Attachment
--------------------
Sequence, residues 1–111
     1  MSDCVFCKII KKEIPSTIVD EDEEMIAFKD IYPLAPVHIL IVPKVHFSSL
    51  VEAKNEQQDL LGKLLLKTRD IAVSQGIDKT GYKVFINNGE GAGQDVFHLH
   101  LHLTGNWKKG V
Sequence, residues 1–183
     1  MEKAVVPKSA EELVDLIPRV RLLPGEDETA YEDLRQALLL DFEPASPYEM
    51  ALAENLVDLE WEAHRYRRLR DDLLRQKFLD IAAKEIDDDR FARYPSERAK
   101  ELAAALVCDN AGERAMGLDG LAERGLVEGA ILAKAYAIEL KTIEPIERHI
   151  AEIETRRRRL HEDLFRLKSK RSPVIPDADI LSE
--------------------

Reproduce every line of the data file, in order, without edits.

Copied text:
Sequence, residues 1–111
     1  MSDCVFCKII KKEIPSTIVD EDEEMIAFKD IYPLAPVHIL IVPKVHFSSL
    51  VEAKNEQQDL LGKLLLKTRD IAVSQGIDKT GYKVFINNGE GAGQDVFHLH
   101  LHLTGNWKKG V
Sequence, residues 1–183
     1  MEKAVVPKSA EELVDLIPRV RLLPGEDETA YEDLRQALLL DFEPASPYEM
    51  ALAENLVDLE WEAHRYRRLR DDLLRQKFLD IAAKEIDDDR FARYPSERAK
   101  ELAAALVCDN AGERAMGLDG LAERGLVEGA ILAKAYAIEL KTIEPIERHI
   151  AEIETRRRRL HEDLFRLKSK RSPVIPDADI LSE